Northampton Mayor David Narkewicz and Iraq War veteran Stephen Mandile will be the first people to buy recreational marijuana legally in Massachusetts.
The two first marijuana stores to open for recreational sales will be New England Treatment Access in Northampton and Cultivate in Leicester. The Boston Globe first reported that Narkewicz will be the first customer in Northampton and Mandile will be the first customer in Leicester. Both recreational marijuana stores open at 8 a.m. Tuesday.
“It’s fitting the first store will be opening in Northampton,” Narkewicz said in an interview with The Republican. “We’re known as a progressive city and a leader on lots of social change issues.”
Narkewicz, 52, the mayor of Northampton since 2011, is a veteran of the U.S. Air Force and the Massachusetts Air National Guard.
Mandile, of Uxbridge, was injured in Iraq and used medical marijuana to wean himself off prescription drugs. Has has been an advocate for veterans, helping them use medical marijuana and get into the medical marijuana industry.
Narkewicz said he plans to make a “symbolic purchase,” probably of a cannabis-infused chocolate bar. “It’s going to be historic, so most likely I’ll have it framed and save it for posterity in my office,” Narkewicz said, adding that eventually, he will probably donate the bar to Northampton’s historical society.
“I don’t intend to consume it,” Narkewicz said.
For NETA to invite the mayor to be its first customer illustrates the importance of municipal officials in deciding the future of the industry in their towns. City and town voters have the authority to place bans, caps, zoning restrictions and moratoriums on recreational marijuana businesses. City officials must also negotiate host agreements with every marijuana business that opens.
Prospective business owners have complained that many communities are not open to the industry, and municipal officials are using host agreements to get enormous payouts for their communities, on top of the 3 percent local option tax that municipalities can adopt.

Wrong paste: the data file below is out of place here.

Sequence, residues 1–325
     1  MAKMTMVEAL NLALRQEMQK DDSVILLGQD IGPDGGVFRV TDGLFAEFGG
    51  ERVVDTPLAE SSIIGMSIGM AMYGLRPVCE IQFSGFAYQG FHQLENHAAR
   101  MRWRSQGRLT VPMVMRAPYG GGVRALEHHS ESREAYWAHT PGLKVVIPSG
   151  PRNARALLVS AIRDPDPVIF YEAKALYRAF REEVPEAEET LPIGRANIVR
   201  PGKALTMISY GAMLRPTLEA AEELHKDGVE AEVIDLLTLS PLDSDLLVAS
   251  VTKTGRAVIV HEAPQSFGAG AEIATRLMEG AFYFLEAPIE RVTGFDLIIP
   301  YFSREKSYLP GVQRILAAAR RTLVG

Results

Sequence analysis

In contrast, Narkewicz – and the voters of Northampton – supported marijuana legalization. Northampton has already signed host agreements with 10 marijuana stores and product manufacturers, which are in various stages of the licensing process. Northampton allows marijuana shops anywhere it allows other retail and manufacturing businesses.
“We’ve really tried to treat this as any other legitimate business,” Narkewicz said.
Northampton did adopt the local option tax, so it will get significant new revenue from the marijuana companies.
While Narkewicz was invited in his capacity as mayor, he thinks there is some significance to the fact that both the first buyers will be veterans. “I remember the day of the grand opening for NETA’s medical (marijuana dispensary), I met a vet who had driven halfway across the state, and he indicated just how life-changing cannabis was in terms of dealing with his chronic pain issues,” Narkewicz said.
Mandile did not immediately return a call Monday morning.
He told The Republican/MassLive.com in a previous interview that he started using medical marijuana three years ago, and it helped him get off of the more than 50 drugs he had been prescribed over the last decade to deal with injuries sustained during his military service. Mandile said at the time that he was part of a group trying to open a veteran-centric medical marijuana dispensary.
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